Has anyone posted the reduced steps to the Materials Management team? Reduced steps to Central Supply Staff? Nursing? how many delays were eliminated to the patients and how has this impacted outcomes? Any consideration with charges that should be considered.
    we are considering implementing a similar system but need to convince those that like the existing system… metrics speak.

    thanks

    Davidd

    • Mark Graban
      Twitter:
      says:

      I think the best way to convince people is to do a pilot in one department and see what your results are.

      There might possibly be MORE walking for materials management, but the real goal is reducing nursing time/walking and making sure they have what they need for patients.

      I know hospitals have found a big gap between what’s “chargeable” and what’s really being charged. Some items might need to be kept in the automated inventory cabinets for the sake of charging (but then you’re still relying on staff to properly press the buttons).
      Mark Graban recently posted..Easier to Game the Numbers than Fix the System – in Education and HealthcareMy Profile

  6. Nicholos says:

    This is a pretty basic system that works but you will still have to have a huge amount of inventory on hand. This will not cut down your inventory costs whereas if the system manages your par levels you can theoretically cut your inventory in half (reality at least 25% to keep nervous managers happy, they like a reserve in place but that is not necessary).

    • Mark Graban
      Twitter:
      says:

      Nicolos – I don’t understand what you are saying.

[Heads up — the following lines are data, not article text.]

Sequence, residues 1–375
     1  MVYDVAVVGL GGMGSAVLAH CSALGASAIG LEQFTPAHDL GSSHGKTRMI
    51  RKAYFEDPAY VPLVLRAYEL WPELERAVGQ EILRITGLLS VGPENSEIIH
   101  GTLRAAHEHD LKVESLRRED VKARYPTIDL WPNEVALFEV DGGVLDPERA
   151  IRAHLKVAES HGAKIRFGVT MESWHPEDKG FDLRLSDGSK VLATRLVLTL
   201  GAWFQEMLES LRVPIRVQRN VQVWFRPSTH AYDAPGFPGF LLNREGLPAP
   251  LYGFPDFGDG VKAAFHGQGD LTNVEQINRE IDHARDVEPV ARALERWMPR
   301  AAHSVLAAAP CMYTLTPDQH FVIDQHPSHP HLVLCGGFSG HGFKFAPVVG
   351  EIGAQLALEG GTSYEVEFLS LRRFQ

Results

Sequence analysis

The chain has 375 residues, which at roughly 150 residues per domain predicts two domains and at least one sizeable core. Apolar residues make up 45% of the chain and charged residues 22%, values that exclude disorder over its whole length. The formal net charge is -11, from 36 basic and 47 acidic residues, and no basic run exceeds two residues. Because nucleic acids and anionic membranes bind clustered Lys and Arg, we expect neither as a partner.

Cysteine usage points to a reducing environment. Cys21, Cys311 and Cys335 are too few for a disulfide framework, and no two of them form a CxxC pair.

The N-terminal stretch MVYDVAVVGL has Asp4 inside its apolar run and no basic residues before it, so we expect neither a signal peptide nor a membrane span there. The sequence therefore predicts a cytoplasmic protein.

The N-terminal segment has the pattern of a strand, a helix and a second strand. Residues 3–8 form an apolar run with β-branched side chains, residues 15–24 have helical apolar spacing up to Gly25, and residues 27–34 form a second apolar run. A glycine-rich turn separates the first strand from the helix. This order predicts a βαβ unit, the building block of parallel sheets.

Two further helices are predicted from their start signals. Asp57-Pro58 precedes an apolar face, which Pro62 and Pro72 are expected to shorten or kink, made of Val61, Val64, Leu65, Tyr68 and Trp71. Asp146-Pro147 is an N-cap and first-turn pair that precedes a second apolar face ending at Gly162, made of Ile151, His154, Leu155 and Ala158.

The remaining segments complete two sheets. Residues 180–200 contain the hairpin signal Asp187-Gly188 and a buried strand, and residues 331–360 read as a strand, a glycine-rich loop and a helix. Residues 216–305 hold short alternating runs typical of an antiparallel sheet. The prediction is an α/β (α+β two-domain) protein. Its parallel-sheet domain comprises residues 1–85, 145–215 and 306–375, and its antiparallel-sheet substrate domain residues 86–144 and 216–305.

The math to set up the inventory level max is exactly the same with kanban as it is with a par level system.

      The problem is a par level system requires a lot of counting, whereas a two-bin kanban system allows easier and quicker restocking.

      “Nervous managers” is a problem whether it’s kanban or par level.

      Mark

  7. Rob King says:

    What about long items? Those bins appear short, and it looks like it would work for for the items that fit. I like the concept, but those wire racks look like they’re at least 24″ deep, this takes up a good deal of floor space.

    Maybe go with a shelf bin (24″ deep) and set your pars at 10 days and refill at 60% of par. Just have staff scan the items that are running low.

    Our hospital has supply Pyxis for chargeable and ParAssist wall bins for the grab and go stuff (non-charge). We have have 96% + compliancy for the Pyxis charge stations. The Par bins (N/C) are less urgent-type items. Staff seems to like it.

  8. Jean Lund says:

    The 7-minute video from St. Clair Hospital in Pittsburgh is no longer on this link. Is there a way for you to email me the video or share a different location? We find this video useful in educating our staff on what Kanban is. Thank you.